Jamie Wallis is 37 and, since 2019, has been a Conservative MP for the Welsh constituency of Bridgend. He is one of a batch of young politicians who rode the wave of Boris Johnson’s electoral success that year and declares himself “a proud Unionist” – a supporter of a strong United Kingdom – on his Twitter account. On the morning of March 30, he also announced that he was transgender. Or, at least, he declared his desire to become so. “It’s time,” he wrote at 3am UK time via a tweet, which included a long personal letter laying out the reasons that led to the decision to go public.
“I’m trans,” he wrote. “Or to be more accurate, I want to be. I’ve been diagnosed with gender dysphoria, and I’ve felt this way since I was a very young child. I had no intention of ever sharing this with you. I always imagined I would leave politics well before I ever said this out loud.”
Gender dysphoria, which the World Health Organization removed from its list of psychiatric disorders in 2018, is the extreme discomfort a person feels with his or her biological sex. Wallis also discussed several situations he has gone through in the last two years in a bid to explain his need to go public.
First, he spoke of how he was about to take the leap in April 2020 when he was blackmailed with the threat of being exposed. The blackmailer demanded £50,000 to keep quiet, and went so far as to tell the MP’s father, who put the matter in the hands of the police. The blackmailer pleaded guilty and was sentenced to two years and nine months in prison.
Wallis said that he thought he would be able to move on from there. But then something even worse happened, concerning a physical encounter with someone he met online. “When I chose to say no [to sex] on the basis he wouldn’t wear a condom, he chose to rape me. I have not been myself since this incident and I don’t think I will ever recover. It’s not something you ever forget, and it is not something you ever move on from. Since then, things have really taken a tumble. I am not okay,” Wallis confessed.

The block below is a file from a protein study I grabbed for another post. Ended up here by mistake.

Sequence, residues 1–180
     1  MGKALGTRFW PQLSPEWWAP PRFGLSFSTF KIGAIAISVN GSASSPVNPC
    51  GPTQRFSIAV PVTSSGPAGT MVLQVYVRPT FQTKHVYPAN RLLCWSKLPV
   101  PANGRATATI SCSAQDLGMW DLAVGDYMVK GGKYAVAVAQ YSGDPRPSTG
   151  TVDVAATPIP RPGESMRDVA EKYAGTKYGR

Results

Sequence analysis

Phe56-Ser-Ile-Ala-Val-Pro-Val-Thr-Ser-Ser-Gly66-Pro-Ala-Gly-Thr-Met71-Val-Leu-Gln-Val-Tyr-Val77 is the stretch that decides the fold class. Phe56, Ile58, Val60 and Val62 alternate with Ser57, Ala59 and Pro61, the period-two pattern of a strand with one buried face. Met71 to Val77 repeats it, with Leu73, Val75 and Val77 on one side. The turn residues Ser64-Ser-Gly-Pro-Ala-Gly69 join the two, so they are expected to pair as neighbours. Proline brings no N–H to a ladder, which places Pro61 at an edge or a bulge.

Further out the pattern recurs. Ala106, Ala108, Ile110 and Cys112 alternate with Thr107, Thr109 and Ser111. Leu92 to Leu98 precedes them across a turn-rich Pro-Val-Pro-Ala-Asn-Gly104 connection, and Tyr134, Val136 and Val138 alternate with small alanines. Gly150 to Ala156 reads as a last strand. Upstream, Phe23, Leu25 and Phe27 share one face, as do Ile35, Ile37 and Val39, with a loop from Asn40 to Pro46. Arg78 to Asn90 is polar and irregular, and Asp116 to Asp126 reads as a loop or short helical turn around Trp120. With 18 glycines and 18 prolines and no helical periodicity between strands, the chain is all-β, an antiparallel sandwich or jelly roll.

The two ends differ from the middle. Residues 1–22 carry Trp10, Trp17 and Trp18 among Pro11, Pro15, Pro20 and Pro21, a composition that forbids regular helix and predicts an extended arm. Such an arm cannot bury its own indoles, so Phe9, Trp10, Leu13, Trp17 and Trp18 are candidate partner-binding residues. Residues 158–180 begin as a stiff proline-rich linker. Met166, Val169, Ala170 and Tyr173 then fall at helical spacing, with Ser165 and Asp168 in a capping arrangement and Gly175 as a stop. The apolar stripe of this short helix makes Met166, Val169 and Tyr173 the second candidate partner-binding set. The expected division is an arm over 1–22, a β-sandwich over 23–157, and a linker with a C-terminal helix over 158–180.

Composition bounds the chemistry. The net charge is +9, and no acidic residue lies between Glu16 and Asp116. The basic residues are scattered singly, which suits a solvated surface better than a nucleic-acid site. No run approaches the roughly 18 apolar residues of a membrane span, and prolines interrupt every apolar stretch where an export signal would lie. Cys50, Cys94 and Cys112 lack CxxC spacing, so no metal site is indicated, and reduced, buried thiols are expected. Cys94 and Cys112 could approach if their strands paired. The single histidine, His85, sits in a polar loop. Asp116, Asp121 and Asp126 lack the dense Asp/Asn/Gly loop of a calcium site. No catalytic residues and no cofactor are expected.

On November 28, 2021, he became acutely aware he was not well when he crashed his vehicle into a lamppost in the Welsh town of Llanblethian. He received a fine of £270 ($355) after the police caught up with him. “I fled the scene. I did so because I was terrified. I suffer from post-traumatic stress disorder and I honestly have no idea what I was doing except that I was overcome by an overwhelming sense of fear,” he says, explaining his inability to react as expected.
The Welsh MP decided to go public just hours after a meeting with Conservative MPs, which was also attended by UK Prime Minister Boris Johnson, who had used the event, ironically, to mock the ongoing debate on trans issues in Britain, with his opening words: “Good evening, ladies and gentlemen, or as Keir Starmer [the leader of the Labor opposition] would put it, people who were assigned female or male at birth.”
Nonetheless, Johnson was among the first to express his support for Wallis: “Sharing this very intimate story would have taken an immense amount of courage. Thank you, @JamieWallisMP, for your bravery, which will undoubtedly support others,” Johnson tweeted. “The Conservative Party I lead will always give you, and everyone else, the love and support you need to be yourself.”
Social networks have since been flooded with messages of solidarity from leading figures in politics. Conservative foreign secretary Liz Truss, one of the favorites to replace Johnson in the future, sent words of encouragement: “Well done, @JamieWallisMP, for speaking out and your brave statement. We stand with you,” Truss tweeted. Northern Ireland Minister Brandon Lewis, Conservative party chairman Oliver Dowden and Labour health spokesman Wes Streeting also showed their support: “Sending you love and solidarity from the other side of the Commons. This is hugely courageous of you to share,” tweeted Streeting.
Transgender issues have been stirring up debate among the political, academic and social media sectors in the UK for years. Theresa May’s Conservative Party government was on the verge of bringing forward reforms that would do away with the requirement for a double psychological diagnosis of gender dysphoria to allow someone to officially change their sexual identity. The bill aimed to allow free gender self-determination without the stigma of a medical condition that it has carried until now.
Boris Johnson’s government, however, deemed there was little electoral advantage to be gained by passing the reform – the apparent marginality of the debate which, according to Downing Street, affected only a minority was weighed against the risk of revolt in the ranks of a Conservative party immersed in a culture war against the left. The reform was shelved. In exchange, Johnson pledged to close conversion clinics that promise to “cure” homosexuality. These centers are banned in countries such as Malta and Ecuador while, in Spain and the US, they have been banned in certain autonomous regions and states; in the case of Spain: Aragón, Valencia, Andalusia and Madrid. In the US, they are currently banned in 18 states, though legislation to prohibit the practice is underway in several others.